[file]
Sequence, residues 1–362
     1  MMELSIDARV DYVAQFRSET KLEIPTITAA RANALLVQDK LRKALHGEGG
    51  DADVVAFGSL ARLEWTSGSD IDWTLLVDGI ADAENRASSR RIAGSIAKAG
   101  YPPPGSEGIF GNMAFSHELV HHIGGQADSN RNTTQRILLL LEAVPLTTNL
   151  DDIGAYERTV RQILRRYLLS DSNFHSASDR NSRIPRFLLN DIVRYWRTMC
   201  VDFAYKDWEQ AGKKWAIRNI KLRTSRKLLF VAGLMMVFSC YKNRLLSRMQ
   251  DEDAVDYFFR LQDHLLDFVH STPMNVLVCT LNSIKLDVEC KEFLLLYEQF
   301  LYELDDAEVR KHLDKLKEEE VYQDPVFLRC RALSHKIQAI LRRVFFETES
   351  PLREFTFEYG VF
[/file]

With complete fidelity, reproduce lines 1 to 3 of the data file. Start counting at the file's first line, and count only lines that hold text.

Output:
Sequence, residues 1–362
     1  MMELSIDARV DYVAQFRSET KLEIPTITAA RANALLVQDK LRKALHGEGG
    51  DADVVAFGSL ARLEWTSGSD IDWTLLVDGI ADAENRASSR RIAGSIAKAG